Situated on the northeastern tip of San Cristobal, visitors can enjoy watching a variety of birds, particularly all three species of boobies: red-footed, blue-footed and masked. Two species of frigate birds can also be observed here, as are swallow-tailed gulls and storm petrels. In addition, Punta Pitt is the only spot of San Cristobal where you watch tortoises in their natural setting.

El Junco:

El Junco:

El Junco is the only permanent fresh water lake in the Galapagos. It is located in the highlands, at an altitude of about 700 m / 2300 ft above sea level. This lake is located about 45 minutes from Puerto Baquerizo Moreno by bus. Junco is Spanish for sedge, which is present along the banks of the lake. The lagoon has a surface area of 648,000 square feet and a volume equivalent of nine million gallons of water. It is an ideal spot for bird watching, as well as enjoying the landscape. El Junco is one of the few places where you can see frigate birds bathing to preen their feathers.

Frequently Asked Questions:

  1. How many dives are included in the various Marine Ecology track courses?
    There is one academic dive, which includes two immersions at the same site during each of these courses: TMR1, Marine Life, Marine Ecology and Marine Ecosystem Based Management. In TMR2, there are two academic dives (one dive at two different sites), including two immersions per site (four immersions in total).

  2. What equipment would be provided to students for the Marine Ecology track dives/snorkeling activities?
    For the academic dives, the agencies that we work with provide all of the gear, including the wetsuit. During the fall and spring semesters, they provide 7mm and 5mm wetsuits, respectively.
    For the academic snorkeling activities, they provide everything except a wetsuit, which can be rented at an additional cost of around $20 per day. You will probably be doing additional snorkeling activities for your independent research projects of the various courses, so it is recommended that before coming to Ecuador you get your own mask, snorkel and fins (full foot or open heel with booties).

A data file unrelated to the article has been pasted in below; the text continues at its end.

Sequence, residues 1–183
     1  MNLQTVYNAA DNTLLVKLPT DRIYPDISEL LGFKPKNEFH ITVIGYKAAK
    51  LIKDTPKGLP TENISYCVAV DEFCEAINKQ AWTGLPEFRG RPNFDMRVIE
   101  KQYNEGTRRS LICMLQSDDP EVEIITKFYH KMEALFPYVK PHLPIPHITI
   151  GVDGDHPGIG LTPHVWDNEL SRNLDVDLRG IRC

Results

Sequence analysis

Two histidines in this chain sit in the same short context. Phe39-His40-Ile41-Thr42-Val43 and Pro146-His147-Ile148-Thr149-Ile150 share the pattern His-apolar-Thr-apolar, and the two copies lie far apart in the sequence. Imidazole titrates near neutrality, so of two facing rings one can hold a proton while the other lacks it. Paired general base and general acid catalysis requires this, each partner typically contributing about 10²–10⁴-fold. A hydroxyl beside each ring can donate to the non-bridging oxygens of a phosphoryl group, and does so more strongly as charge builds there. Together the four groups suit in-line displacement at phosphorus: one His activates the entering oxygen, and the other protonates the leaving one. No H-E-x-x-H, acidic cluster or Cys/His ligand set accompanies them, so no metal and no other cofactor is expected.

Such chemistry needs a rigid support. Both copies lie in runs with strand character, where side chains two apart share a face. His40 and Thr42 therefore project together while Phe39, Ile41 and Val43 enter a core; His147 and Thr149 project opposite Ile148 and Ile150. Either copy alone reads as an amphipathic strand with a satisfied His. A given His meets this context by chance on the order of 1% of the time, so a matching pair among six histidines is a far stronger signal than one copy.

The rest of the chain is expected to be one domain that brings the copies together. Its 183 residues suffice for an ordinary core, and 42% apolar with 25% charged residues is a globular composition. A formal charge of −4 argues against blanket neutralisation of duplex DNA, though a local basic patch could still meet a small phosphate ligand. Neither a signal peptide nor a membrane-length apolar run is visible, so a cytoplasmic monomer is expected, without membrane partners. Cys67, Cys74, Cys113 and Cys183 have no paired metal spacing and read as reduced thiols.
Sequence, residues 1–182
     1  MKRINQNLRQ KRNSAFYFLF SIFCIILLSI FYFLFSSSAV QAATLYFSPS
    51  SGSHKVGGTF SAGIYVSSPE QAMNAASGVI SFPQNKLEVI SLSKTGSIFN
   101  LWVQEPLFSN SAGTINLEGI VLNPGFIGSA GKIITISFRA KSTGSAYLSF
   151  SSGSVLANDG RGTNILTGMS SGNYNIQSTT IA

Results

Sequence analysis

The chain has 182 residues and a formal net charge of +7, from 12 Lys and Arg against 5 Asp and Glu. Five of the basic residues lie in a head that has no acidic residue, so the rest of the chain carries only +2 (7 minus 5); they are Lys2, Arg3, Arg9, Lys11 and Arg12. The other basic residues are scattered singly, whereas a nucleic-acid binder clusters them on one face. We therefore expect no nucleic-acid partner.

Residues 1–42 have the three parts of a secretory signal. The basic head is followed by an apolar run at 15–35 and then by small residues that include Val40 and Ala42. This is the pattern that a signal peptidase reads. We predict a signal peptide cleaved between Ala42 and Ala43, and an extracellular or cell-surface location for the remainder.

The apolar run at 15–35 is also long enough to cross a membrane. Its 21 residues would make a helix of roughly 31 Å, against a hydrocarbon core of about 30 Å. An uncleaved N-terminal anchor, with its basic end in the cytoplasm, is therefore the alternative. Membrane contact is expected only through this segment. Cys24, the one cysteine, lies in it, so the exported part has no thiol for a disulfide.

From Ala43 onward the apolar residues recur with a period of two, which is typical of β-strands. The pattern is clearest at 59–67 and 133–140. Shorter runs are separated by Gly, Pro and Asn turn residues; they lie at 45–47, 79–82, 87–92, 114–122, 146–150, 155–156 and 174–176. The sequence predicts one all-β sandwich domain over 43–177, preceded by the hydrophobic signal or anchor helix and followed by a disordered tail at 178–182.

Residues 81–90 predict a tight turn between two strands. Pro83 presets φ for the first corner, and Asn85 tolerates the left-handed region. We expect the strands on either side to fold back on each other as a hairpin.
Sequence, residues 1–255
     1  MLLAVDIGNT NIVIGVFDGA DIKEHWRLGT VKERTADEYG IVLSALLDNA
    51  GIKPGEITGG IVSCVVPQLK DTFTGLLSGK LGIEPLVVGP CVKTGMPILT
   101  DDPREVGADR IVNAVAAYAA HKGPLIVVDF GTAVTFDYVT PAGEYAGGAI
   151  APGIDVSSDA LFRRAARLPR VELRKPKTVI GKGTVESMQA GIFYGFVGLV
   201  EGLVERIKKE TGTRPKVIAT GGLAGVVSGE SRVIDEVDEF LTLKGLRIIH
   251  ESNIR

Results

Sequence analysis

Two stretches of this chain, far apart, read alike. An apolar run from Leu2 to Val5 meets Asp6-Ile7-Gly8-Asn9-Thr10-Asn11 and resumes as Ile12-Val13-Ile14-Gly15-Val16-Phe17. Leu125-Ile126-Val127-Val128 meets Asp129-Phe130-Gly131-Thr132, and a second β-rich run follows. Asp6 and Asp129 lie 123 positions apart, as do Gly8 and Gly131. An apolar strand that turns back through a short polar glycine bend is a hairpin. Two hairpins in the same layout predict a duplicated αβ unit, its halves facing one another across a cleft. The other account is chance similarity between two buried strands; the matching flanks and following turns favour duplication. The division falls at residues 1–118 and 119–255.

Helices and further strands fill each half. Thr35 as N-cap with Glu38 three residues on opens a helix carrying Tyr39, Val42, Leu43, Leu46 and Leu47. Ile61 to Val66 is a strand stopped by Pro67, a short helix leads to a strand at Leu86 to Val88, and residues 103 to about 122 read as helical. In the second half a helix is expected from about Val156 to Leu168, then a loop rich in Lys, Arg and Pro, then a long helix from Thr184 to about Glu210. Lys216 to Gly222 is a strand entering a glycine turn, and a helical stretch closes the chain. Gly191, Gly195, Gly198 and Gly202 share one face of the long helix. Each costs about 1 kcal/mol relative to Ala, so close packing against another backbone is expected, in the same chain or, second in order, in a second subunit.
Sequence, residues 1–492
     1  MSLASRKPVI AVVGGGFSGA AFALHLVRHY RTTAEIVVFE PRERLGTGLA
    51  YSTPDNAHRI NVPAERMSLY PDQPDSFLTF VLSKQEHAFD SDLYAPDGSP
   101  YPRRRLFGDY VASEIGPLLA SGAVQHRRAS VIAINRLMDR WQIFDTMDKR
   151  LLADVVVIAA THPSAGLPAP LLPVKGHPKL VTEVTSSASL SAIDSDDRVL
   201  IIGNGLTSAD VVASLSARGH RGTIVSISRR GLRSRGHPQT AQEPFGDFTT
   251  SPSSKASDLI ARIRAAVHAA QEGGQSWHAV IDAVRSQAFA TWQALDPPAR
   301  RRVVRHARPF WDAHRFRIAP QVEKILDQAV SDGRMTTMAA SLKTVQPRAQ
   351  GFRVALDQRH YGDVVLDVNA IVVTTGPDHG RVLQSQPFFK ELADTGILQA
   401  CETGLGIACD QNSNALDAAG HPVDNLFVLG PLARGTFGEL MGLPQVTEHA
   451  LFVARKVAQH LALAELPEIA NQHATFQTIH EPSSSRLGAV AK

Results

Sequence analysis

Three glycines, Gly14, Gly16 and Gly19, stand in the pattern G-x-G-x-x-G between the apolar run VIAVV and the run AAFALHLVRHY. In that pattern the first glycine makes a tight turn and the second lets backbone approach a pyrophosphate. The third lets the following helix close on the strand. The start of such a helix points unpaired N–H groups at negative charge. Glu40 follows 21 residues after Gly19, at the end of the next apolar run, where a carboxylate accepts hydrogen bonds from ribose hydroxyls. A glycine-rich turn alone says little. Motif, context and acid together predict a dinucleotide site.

3. Do you recommend a wetsuit for snorkeling? Long or short?
    Wearing a wetsuit for snorkeling activities depends on how cold you get. If you usually get cold, we recommend getting a 3-5 mm full-length wetsuit for the Fall and a 3-5mm short wetsuit for the Spring.

  4. What kinds of temperatures should we be prepared for at the depths we'll be diving at?
    The seawater temperatures in the Galápagos are colder than expected for being in a tropical location. During the Fall you can expect to be snorkeling/diving between 14 – 21 degrees Celsius and during the Spring between 18 – 28 degrees Celsius.

  5. Do you recommend dive gloves?
    If you’re used to dive with gloves yes, bring them with you. Diving agencies usually do not provide dive gloves.

  6. Should I have full foot fins or open heel with booties?
    It depends entirely on your preferences. If you prefer to use full foot fins, we recommend to get neoprene socks as well.

  7. Do you recommend having a wetsuit hood or not?
    If you’re used to dive with a hood yes, bring it with you. Diving agencies usually do not provide a wetsuit hood.

Contact us

If you need more​ information regarding our international semester programs, please contact us:

Oficina de Coordinación en Quito / Support Office in Quito
Universidad San Francisco de Quito
Oficina USFQ Galápagos, Campus Cumbayá
Diego de Robles y Vía Interoceánica
P.O. Box 17-1200-841
Quito, Ecuador
Tel: +593 2 297-1845